Living organisms have developed highly sophisticated information processing networks, operating at various time/space scales and achieving a variety of specific and adaptive functions. In contrast with computers, biological systems exploit completely different substrates: membranes, macromolecules and messengers diffusing in water environment.
Unlike computers, biological systems are massively parallel, highly tolerant to component and signal variability; they do not require a precise centralized clock; they are not supervised by an external user; they continuously work and adapt themselves through interaction with the external world. Most of these important features have already been emphasized, and some of them (e.g. parallelism or asynchrony) have been successfully implemented in modern computers and networks. However, the development of modern computers is principally devoted to increasing performance and decreasing size and energy consumption, without any modification of the principles of computation. In particular, all the components must always perform deterministic and exact operations on sets of binary signals. This is very constraining, and strongly impedes further progress in terms of speed, miniaturization and power consumption.
In our view, a key point is that biological information processing systems are based on a completely different organization adapted to live in the real world, rather than a symbolic world. As a consequence, sensory data interpretation, knowledge, anticipation, decision-making and rule learning must deal with incomplete and uncertain information. Thus probability theory is the necessary mathematical framework to understand, for example, how sensory-motor and cognitive systems with limited computational, memory and energy resources can efficiently interact with their highly complex and changing environment. It can be proved formally and practically that probability theory is an extension of the Boolean logic on which all conventional computers are based. Therefore, building artificial computing systems founded on probabilistic inferences, and not merely on logical inferences, will dramatically enhance their robustness, autonomy and flexibility.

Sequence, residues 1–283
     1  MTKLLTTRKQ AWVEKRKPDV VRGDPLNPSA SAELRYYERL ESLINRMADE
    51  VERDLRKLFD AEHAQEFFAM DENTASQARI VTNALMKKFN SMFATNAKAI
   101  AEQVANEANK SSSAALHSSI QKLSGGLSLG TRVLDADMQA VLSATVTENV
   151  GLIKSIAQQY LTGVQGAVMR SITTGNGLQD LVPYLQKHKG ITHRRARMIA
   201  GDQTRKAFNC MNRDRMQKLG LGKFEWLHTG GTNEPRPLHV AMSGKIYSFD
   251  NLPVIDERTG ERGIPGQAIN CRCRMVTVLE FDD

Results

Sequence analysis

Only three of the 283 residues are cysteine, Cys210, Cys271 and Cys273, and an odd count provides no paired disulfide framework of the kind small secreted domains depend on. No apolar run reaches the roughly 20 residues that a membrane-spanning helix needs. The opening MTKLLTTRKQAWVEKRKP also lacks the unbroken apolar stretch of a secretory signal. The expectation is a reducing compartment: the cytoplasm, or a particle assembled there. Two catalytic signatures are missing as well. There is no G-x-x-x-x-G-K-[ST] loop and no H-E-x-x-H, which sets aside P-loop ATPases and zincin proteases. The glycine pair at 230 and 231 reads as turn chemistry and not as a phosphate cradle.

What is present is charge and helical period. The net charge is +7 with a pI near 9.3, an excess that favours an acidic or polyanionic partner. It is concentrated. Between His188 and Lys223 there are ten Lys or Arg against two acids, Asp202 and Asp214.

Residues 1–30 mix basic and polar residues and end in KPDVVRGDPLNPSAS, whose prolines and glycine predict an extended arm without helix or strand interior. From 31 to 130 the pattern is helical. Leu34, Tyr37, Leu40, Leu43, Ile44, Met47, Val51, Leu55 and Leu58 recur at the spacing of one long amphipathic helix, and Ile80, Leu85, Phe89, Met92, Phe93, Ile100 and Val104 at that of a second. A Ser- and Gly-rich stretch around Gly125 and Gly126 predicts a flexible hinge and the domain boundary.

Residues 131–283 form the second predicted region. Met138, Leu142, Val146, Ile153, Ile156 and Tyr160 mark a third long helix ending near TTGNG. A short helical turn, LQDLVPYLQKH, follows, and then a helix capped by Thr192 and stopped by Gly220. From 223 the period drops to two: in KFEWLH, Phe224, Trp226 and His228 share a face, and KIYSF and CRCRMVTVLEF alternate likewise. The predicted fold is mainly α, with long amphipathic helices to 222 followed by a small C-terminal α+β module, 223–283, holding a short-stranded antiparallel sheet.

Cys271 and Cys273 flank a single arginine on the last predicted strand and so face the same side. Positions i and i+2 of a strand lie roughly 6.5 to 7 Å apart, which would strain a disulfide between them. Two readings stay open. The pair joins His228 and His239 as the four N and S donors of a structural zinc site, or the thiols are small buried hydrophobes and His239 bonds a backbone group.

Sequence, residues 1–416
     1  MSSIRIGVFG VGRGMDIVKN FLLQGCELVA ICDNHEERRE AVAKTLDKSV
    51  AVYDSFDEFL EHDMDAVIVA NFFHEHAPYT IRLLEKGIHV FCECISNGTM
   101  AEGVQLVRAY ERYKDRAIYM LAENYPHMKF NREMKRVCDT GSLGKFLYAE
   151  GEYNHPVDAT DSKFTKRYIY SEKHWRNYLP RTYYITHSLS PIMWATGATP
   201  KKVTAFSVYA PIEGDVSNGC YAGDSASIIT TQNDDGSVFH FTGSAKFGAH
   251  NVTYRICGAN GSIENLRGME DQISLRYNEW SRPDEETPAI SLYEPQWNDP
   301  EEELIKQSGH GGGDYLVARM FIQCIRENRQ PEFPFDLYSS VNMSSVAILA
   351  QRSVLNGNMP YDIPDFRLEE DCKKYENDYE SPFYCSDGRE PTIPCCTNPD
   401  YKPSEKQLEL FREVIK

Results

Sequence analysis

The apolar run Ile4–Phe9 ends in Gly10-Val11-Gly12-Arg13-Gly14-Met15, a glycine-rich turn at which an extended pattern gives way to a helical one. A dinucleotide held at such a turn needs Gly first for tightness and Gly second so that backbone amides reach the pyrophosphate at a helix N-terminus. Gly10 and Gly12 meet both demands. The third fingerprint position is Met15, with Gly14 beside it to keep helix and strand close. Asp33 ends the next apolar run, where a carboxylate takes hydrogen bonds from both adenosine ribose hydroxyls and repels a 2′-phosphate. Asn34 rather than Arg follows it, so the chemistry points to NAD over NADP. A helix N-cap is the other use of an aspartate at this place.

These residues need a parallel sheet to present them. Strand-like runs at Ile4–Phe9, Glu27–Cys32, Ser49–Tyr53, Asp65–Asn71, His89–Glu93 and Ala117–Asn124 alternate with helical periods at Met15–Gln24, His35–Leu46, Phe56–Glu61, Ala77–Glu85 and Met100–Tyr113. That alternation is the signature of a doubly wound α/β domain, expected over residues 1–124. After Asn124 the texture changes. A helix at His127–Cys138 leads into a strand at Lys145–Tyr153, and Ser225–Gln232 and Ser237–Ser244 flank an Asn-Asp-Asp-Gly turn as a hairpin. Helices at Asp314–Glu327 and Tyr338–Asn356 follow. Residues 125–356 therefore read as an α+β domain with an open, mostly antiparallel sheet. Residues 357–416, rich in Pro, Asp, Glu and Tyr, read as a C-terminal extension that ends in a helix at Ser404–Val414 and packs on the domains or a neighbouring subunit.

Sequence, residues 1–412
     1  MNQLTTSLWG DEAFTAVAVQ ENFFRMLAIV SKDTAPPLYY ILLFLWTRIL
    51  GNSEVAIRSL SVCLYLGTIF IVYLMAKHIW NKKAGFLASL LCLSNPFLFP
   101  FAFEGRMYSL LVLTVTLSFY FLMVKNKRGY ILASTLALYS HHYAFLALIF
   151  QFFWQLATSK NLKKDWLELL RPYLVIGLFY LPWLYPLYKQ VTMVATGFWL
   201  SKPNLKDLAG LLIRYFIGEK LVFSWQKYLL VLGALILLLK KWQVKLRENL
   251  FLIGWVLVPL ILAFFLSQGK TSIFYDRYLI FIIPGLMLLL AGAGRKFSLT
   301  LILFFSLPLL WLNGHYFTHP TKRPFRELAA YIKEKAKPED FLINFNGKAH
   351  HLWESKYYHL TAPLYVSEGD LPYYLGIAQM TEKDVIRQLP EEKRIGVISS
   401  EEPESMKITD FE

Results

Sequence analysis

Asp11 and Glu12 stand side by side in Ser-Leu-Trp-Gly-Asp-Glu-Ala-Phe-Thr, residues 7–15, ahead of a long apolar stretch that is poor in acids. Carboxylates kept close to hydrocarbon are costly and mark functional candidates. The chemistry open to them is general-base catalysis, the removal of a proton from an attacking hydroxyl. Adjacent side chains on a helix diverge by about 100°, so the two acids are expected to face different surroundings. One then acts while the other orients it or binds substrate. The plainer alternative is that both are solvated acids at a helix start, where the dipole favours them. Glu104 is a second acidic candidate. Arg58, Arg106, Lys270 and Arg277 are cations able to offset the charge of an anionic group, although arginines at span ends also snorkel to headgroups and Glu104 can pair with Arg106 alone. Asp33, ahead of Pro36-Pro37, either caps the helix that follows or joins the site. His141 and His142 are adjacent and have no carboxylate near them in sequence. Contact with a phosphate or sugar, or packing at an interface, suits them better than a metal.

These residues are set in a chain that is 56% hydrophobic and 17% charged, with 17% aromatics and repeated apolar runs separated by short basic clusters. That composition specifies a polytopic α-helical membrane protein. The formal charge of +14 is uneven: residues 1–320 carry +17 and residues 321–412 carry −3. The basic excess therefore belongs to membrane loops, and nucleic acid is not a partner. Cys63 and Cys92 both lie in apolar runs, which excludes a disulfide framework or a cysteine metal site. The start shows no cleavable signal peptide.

During the project we have proposed new computational models and artificial components by relaxing the hard constraints of deterministic and exact operations of basic components.
The digital age moved computers out of their initial scientific and technical enclaves. Contrasting with the beginning of this era, the vast majority of users nowadays are totally ignorant of the principles of digital processing. This was made possible by the development of very intuitive and friendly interfaces, and by the discovery of new usages, like social networks. However, modern processors are still based on the same fundamental components, i.e. logical gates, reliable binary circuits, etc. As a consequence, computers are generally unable to interact directly with the real world; there must be a human user to do this job. Industrial robots are a notable exception to this, but they require highly constrained and controlled working environments.
Our long-term vision is that completely new applications and usages of artificial systems will emerge permitting these systems to cope with incomplete information and make decision under uncertainty. These application domains include autonomous robotics but go far beyond. Artifacts capable of reasoning and adapting in novel and uncertain situations, as animals or humans do, could become highly interactive and intelligent, and could efficiently help people to learn and communicate, or to prevent risky situations. This implies a radical change to current computation models at the very deepest design level of these artificial systems.